This one is just plain weird. The PediSedate system was an add-on designed to calm children before potentially traumatic experiences like the dentist or a hospital operation. A dose of nitrous oxide (better known as “laughing gas” or “nitro”) was administered for this purpose. That was the aim anyway.
5. Game Boy Radio
The clue’s in the name. It was made in China but there’s very little information on the device. It used the Game Boy as a power supply and didn’t interfere with the Game Boy itself.
6. GB KISS & GB KISS LINK MODEM
In 1998, Hudson Soft released the GB KISS LINK, an infrared modem that allowed you to connect a Gameboy to a Windows PC to transfer game data. The GB KISS LINK came with two 3.5″ floppy disks: one with drivers and the other with 29 mini-games. Before emulators, this was the best way to get save states to your computer for future use.
7. Singer Izek
Have you ever felt the urge to play video games while sewing on a machine? Me neither, but someone at Singer might have when they created the Singer Izek “Computerized Sewing Machine.” But you didn’t actually get to play games. Instead, you plugged your Game Boy Color into the machine and used it to pick a stitching pattern using a special cartridge. Needless to say this didn’t catch on.
Nintendo announced their newest console today, the Nintendo Switch. It will be released in March 2017 and acts as a “hybrid device”: both a tablet-like portable console and a home console placed in a docking station (complete with satisfying “click” sound).
The Switch also holds two wireless controllers you can detach, used individually or together as a normal gamepad. Only a handful of games have been announced, including the usual suspects – Legend of Zelda, a Mario Kart game, and a Super Mario game amongst others. But there are a few I’d love to see on the Switch. Here are 8 of them.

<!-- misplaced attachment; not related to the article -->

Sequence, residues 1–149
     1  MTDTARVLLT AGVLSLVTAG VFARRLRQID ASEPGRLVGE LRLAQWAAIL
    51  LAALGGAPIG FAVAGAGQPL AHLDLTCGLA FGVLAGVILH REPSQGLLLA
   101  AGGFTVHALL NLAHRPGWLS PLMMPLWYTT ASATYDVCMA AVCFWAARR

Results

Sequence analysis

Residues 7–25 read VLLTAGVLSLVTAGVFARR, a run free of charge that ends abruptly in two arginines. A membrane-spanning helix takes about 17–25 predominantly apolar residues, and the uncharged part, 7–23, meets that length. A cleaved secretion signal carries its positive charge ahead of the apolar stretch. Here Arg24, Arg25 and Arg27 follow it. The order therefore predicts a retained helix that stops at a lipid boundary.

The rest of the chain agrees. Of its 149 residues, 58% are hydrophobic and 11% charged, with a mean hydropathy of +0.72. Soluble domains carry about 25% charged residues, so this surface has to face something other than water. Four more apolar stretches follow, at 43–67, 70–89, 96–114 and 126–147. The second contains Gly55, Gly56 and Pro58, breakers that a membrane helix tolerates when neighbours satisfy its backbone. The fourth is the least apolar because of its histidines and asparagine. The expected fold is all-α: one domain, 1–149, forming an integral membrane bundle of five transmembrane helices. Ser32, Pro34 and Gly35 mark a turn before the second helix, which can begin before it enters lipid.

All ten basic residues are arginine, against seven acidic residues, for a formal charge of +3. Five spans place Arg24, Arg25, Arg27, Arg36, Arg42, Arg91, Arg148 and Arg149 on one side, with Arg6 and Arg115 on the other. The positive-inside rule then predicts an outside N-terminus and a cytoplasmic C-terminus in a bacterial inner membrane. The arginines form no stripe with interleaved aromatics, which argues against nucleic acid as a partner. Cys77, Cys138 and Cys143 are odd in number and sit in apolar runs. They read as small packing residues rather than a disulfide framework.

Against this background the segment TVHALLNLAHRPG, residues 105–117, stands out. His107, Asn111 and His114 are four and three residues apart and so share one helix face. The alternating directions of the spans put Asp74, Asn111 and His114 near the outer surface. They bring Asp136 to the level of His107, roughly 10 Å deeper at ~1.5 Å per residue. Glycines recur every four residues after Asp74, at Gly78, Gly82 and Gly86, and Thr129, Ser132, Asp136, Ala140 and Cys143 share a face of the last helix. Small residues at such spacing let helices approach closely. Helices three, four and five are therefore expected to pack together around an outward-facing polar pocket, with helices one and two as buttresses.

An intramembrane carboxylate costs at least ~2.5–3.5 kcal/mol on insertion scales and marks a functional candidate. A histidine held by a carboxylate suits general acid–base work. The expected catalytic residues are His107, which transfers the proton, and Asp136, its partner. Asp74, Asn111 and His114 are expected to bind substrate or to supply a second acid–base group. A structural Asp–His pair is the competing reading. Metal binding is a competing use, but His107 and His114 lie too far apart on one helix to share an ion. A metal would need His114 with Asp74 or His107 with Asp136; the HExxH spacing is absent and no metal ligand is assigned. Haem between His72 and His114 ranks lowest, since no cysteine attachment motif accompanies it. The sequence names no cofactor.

Ever since my cousin introduced me to Golden Sun, it’s been my favourite RPG not called Pokémon (more on that later). The original game, released on GBA, tells the story of Isaac, Garet, Ivan and Mia, four teenagers tasked with saving their world, known as Weyard. It’s an archetypal fantasy RPG with plenty of magic, turn-based gameplay, classes, dungeons and caves. Psynergy is the game’s version of “mana” while Djinn are special creatures that give the characters special moves and the ability to change classes and abilities. The music, graphics and gameplay were already brilliant on both the two GBA versions and the DS versions. A Switch version has the potential to be fantastic, especially scenes like this:
A Pokémon racing game
Asking for an open world Pokémon game would be too easy. There’s definitely going to be one for the Nintendo Switch but what about a racing game? The spinoffs have involved pinball and puzzle games but a racing game would be a great competitor to the Mario Kart version we’ll eventually get. The only concern is how many Pokémon would be made usable, given the introduction of Sun & Moon by March 2017. There’s likely to be around 800 known Pokémon so who knows which ones would be picked. Mewtwo in a car? Perhaps not.
Super Mario RPG
A Mario spinoff never released in Europe, Super Mario RPG was the first RPG in the Mario series and the only game to be made by Square (now Square Enix). It’s also uncommon in that it doesn’t involve Bowser as the main boss. This time, you have to beat Smithy who steals the seven star pieces of Star Road where “all the world’s inhabitants’ wishes become Wish Stars, and Mario must return the pieces so these wishes may again be granted”. Paper Mario is likely to get a Switch version but perhaps they should look towards a remake of this.